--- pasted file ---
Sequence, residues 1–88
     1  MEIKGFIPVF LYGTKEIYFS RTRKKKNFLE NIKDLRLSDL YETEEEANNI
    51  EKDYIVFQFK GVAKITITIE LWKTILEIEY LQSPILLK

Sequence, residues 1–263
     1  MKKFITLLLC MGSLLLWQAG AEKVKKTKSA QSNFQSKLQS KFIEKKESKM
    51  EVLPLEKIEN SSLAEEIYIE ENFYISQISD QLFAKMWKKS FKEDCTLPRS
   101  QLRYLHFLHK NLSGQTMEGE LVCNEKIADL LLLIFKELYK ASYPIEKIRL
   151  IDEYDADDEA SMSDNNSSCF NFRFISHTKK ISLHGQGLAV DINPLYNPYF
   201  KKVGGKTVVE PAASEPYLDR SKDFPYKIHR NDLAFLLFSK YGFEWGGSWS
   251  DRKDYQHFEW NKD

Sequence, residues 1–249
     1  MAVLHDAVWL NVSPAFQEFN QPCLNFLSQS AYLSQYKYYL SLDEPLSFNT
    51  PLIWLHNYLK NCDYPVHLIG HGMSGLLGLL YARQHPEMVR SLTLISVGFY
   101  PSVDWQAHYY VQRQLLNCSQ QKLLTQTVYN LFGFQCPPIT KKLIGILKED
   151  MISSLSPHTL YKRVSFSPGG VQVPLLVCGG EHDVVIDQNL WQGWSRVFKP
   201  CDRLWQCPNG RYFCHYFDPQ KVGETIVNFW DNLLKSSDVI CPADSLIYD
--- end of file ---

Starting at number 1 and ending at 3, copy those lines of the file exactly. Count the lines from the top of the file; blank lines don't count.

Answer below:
Sequence, residues 1–88
     1  MEIKGFIPVF LYGTKEIYFS RTRKKKNFLE NIKDLRLSDL YETEEEANNI
    51  EKDYIVFQFK GVAKITITIE LWKTILEIEY LQSPILLK